Celebrating a Little More

Just when all the party tents and flowers and bon mots from commencement were put away, and you thought it was safe to stop making merry for a few days, here comes another Marlboro milestone. Last night a whole boatload of faculty, alumni and staff gathered in the dining hall to toast, roast and generally have the usual good time with Tim Little, who retires this year. Some of the emeritus-ly faculty who came waltzing out of the woods for this event, such as the likes of Tom Ragle, Luis Batlle, Geoffry Brown, Edmund Brelsford, Ted Wendell, Michael Boylen and Jaysinh Birjepatil, gives you an indication of just how big a deal Tim’s retirement is, as if you don’t know.

Tim has always struck me as the product of some kind of magical union between Socrates, Santa Claus and the best storyteller you can imagine. He did not dispel that image last night, even after a toasting and honoring and eulogizing and extolling that would have reduced most mortals like myself to a blubbering mass of schmaltz. I mean, even after being conferred an honorary doctorate, including a Marlboro academic “hood” that appeared to take the combined effort of President Ellen and trustees Ted Wendell and Peter Mallary ’76 to get over his head correctly, Tim was not lost for words. With his characteristic photographic detail and sense of irony, he described the last time he had the honor of wearing such a hood, which he borrowed from trustee Zee Persons to attend the inauguration of the new president of Norwich University. We’re talking Iron Age Marlboro history here, but Tim described it as if it were yesterday’s bridge game or the French Restoration. He will be remembered with the same equitable sense of wonder.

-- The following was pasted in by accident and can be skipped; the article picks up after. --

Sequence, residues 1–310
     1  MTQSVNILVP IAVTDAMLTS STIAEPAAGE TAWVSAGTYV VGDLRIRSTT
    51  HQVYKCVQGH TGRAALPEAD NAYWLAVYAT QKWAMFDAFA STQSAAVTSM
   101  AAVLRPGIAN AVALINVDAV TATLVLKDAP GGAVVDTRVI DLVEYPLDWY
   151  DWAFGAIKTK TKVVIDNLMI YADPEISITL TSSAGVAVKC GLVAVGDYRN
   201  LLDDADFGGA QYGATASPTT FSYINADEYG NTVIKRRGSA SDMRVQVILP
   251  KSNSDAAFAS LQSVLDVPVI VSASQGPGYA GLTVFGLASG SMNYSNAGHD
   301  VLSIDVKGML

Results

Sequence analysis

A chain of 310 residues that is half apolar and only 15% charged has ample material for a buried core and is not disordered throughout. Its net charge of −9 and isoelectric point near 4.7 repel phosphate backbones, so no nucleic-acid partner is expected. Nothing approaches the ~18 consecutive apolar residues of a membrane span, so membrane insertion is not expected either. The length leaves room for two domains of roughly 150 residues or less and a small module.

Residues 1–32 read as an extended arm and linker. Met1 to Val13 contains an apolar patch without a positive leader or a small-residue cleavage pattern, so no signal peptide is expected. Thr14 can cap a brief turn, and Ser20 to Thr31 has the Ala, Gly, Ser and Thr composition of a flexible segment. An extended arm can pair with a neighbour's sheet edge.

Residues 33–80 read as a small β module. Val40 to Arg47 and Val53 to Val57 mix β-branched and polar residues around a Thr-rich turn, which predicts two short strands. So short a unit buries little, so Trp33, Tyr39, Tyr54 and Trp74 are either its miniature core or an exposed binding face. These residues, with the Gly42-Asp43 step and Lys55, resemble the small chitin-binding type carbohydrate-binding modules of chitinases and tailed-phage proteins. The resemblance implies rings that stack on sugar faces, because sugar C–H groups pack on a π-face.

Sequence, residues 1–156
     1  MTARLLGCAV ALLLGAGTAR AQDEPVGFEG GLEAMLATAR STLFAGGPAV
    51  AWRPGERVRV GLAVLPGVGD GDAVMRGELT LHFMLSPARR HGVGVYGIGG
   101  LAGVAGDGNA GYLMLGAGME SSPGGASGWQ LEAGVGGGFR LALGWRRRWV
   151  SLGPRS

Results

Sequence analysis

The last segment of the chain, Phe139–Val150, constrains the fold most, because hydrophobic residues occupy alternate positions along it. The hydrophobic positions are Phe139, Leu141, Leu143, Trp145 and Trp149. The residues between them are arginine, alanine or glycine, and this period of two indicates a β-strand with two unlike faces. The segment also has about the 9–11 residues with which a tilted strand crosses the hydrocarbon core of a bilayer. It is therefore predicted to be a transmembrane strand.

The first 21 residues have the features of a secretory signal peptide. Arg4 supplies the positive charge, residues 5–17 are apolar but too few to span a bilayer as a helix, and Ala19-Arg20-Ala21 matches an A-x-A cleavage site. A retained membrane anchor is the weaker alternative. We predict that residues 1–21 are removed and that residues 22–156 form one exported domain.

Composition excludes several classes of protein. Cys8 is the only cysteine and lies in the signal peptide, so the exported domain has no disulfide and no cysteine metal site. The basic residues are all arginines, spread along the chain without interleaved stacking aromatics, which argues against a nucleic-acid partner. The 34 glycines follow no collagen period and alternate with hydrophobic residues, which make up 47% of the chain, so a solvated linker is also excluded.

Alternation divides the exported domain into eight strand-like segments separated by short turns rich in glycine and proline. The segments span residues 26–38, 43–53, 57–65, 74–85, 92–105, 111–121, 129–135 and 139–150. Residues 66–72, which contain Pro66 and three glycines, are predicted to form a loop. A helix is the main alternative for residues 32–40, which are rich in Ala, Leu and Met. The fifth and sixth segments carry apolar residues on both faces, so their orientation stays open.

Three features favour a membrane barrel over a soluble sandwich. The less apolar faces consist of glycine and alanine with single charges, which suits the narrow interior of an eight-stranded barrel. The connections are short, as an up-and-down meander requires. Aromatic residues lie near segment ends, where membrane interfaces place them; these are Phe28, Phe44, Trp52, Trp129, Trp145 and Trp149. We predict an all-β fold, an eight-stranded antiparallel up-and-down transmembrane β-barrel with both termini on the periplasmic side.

Graduatin’ in the Rain